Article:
This is a slighlty modified version on my bread recipe, tweaked over a whole quarantine-worth of breadbaking. The main changes are timing of the rise cycles and the cooking temperature and times. As always though, you’ll be best suited by experimenting and learning how your particular sourdough reacts. The original post is here.

Starter Care

There are all sorts of ways to create your own starter from scratch. A quick internet search will serve you better than I can. The easiest way though - and the path I took - was simply getting a bit of someone else’s culture.

  1. Starter must be fed regularly to stay healthy. If kept at room temperature, starter must be fed roughly every 12 hours. If kept in the fridge, the starter can go up to two weeks between feedings.

  2. To feed, mix 1 part all-purpose flour, 1 part warm water to the starter. If you’ve kept the starter in the fridge, it might have developed a thin liquid layer on top called hooch. Don’t worry about it, just stir it in.

  3. To prepare starter for baking, add in the amount of flour and water you will need and stir 4-8 hours before you plan on using it. So, if you need 1 cup of starter to bake bread that evening, add in ½ cup of flour and ½ cup of water to your starter in the morning.

Bread Basic


  • 1 cup of starter
  • 3 cups of bread flour
  • ~1 ½ cup of water
  • 1 tbsp salt
  • Optional nuts and dried fruits
  1. Roughly mix 1 cup of starter, 3 cups of bread flour, 1 tsp of salt, and 1 cup of water in a bowl. Slowly add in a bit of water until mixture is shaggy and damp, but not wet. It should stick to the bowl, but be firm enough to knead. Be careful because you can easily add too much water and the dough will be too wet. Add more flour if that happens. You’ll learn to tell just how much water you need. More water means bigger bubbles but harder to manipulate.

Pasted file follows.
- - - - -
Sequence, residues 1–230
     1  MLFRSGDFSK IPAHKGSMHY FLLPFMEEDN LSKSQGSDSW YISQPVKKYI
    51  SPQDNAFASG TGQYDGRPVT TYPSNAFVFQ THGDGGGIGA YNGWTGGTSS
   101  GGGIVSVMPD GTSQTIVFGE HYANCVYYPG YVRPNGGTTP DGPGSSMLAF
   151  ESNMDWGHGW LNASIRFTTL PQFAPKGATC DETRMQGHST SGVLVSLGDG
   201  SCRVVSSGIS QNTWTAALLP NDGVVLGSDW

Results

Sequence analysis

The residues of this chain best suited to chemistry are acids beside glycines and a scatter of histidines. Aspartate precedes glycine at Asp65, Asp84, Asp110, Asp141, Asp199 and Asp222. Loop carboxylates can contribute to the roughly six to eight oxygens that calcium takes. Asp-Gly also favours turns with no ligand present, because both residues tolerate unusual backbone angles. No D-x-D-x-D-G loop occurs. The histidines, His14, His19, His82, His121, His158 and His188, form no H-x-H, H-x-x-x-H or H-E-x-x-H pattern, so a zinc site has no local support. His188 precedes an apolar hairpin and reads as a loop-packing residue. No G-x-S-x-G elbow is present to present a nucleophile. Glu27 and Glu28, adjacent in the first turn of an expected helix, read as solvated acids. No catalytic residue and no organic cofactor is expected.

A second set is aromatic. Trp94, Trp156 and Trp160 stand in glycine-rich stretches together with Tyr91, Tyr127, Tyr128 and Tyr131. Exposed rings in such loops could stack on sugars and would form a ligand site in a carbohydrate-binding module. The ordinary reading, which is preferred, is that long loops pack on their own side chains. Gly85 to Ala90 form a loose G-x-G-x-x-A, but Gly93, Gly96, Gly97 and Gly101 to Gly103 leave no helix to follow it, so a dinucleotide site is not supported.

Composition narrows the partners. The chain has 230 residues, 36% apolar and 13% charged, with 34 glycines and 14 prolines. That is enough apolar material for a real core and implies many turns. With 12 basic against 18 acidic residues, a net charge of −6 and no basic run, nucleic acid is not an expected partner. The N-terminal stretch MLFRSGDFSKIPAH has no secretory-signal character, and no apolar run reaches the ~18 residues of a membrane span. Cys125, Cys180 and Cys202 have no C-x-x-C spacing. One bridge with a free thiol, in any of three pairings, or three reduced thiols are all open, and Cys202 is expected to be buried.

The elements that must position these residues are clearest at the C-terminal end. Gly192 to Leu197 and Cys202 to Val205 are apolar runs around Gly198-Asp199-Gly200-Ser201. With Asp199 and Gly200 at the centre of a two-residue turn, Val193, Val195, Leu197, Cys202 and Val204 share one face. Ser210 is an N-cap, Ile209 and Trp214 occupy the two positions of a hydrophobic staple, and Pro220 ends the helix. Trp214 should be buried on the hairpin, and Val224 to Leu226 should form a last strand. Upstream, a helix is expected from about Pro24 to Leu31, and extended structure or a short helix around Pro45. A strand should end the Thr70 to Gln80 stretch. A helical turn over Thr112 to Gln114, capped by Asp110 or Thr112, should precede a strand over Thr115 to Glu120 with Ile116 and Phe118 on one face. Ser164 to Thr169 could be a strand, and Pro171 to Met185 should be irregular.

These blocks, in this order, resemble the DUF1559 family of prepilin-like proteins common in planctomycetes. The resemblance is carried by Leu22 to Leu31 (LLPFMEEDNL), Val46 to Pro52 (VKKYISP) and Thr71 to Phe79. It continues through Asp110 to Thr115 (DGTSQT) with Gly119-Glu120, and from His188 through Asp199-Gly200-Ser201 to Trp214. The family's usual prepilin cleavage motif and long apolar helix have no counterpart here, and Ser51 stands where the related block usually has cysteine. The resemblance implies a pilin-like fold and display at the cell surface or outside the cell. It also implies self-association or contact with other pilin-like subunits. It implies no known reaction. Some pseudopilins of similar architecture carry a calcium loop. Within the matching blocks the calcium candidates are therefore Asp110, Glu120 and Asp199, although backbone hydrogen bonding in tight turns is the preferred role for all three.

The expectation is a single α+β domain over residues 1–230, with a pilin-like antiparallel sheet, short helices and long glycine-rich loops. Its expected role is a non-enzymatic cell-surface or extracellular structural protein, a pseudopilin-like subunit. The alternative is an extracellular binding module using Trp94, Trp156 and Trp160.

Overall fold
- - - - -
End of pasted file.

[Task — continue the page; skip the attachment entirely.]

2. Let dough sit for 30 to 60 minutes. This is the autolyse step, and simply lets the flour absorb the moisture, the yeast digest the gluten, making the dough easier to work with.

  3. Knead vigorously for approximately 10 minutes (different techniques for kneading – look up a video for what feels comfortable). Dough should stick ever so slightly to the work surface by the end, but surface should bounce back when you press it with your finger. You can also do the windowpane test to determine if the glutens are strong enough.

  4. Optional - you can fold in nuts or dried fruits or herbs or anything that you fancy after the kneading step. I like walnuts and cranberries. Knead the dough gently to get the incredients well dispersed.

  5. Place ball in a large bowl and let sit for 3 to 4 hours. If you’re home is cold, consider putting the bowl in your turned-off oven with the oven light on.

  6. After the rise is complete, remove dough from container (you might need to scrape it out) and fold it over itself, reshaping the ball. Generously coat the dough in flour and place in a proofing bowl. You can place the dough in a dishtowel, then in a large bowl if you don’t have one. Place in fridge overnight, or up to 24 hours.

  7. Remove dough from fridge. Pre-heat the oven to 430F and place Dutch oven inside. When the oven is hot, remove Dutch oven, score your dough, place it inside the Dutch oven, cover, and place back in oven. Bake for 25 minutes, then remove the Dutch oven lid. Bake for another 25 to 30 minutes. Remove and let cool on a cooling rack.

Experiment with recipes, with feeding your starter different flours, different kneading techniques, rising for longer or shorter, higher or lower baking temperatures. Try sourdough pancakes or biscuits. I found the youtube video “A Non-Baker’s Guide To Making Sourdough Bread” to be helpful.